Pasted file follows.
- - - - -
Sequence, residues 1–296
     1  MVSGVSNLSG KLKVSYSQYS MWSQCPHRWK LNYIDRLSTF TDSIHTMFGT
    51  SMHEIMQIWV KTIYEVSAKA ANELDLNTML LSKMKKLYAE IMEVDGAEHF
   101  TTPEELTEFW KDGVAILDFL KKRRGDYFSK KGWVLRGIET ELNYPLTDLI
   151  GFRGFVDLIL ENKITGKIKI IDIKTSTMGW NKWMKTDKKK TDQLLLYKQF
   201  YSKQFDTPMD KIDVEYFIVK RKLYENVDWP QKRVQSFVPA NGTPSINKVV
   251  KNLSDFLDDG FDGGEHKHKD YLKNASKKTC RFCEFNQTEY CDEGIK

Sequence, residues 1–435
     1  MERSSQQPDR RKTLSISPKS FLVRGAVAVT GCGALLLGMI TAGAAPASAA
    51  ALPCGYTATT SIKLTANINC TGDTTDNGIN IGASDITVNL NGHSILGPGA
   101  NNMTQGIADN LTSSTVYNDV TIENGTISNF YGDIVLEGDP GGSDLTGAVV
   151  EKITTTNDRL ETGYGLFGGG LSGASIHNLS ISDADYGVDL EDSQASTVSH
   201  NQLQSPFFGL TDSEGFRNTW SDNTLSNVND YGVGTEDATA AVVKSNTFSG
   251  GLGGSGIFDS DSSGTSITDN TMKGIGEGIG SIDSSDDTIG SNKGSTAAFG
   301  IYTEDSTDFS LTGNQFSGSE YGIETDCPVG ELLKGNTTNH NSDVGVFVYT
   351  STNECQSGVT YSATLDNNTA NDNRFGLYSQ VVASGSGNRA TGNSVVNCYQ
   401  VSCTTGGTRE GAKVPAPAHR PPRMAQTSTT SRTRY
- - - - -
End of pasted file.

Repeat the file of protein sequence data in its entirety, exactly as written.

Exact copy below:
Sequence, residues 1–296
     1  MVSGVSNLSG KLKVSYSQYS MWSQCPHRWK LNYIDRLSTF TDSIHTMFGT
    51  SMHEIMQIWV KTIYEVSAKA ANELDLNTML LSKMKKLYAE IMEVDGAEHF
   101  TTPEELTEFW KDGVAILDFL KKRRGDYFSK KGWVLRGIET ELNYPLTDLI
   151  GFRGFVDLIL ENKITGKIKI IDIKTSTMGW NKWMKTDKKK TDQLLLYKQF
   201  YSKQFDTPMD KIDVEYFIVK RKLYENVDWP QKRVQSFVPA NGTPSINKVV
   251  KNLSDFLDDG FDGGEHKHKD YLKNASKKTC RFCEFNQTEY CDEGIK

Sequence, residues 1–435
     1  MERSSQQPDR RKTLSISPKS FLVRGAVAVT GCGALLLGMI TAGAAPASAA
    51  ALPCGYTATT SIKLTANINC TGDTTDNGIN IGASDITVNL NGHSILGPGA
   101  NNMTQGIADN LTSSTVYNDV TIENGTISNF YGDIVLEGDP GGSDLTGAVV
   151  EKITTTNDRL ETGYGLFGGG LSGASIHNLS ISDADYGVDL EDSQASTVSH
   201  NQLQSPFFGL TDSEGFRNTW SDNTLSNVND YGVGTEDATA AVVKSNTFSG
   251  GLGGSGIFDS DSSGTSITDN TMKGIGEGIG SIDSSDDTIG SNKGSTAAFG
   301  IYTEDSTDFS LTGNQFSGSE YGIETDCPVG ELLKGNTTNH NSDVGVFVYT
   351  STNECQSGVT YSATLDNNTA NDNRFGLYSQ VVASGSGNRA TGNSVVNCYQ
   401  VSCTTGGTRE GAKVPAPAHR PPRMAQTSTT SRTRY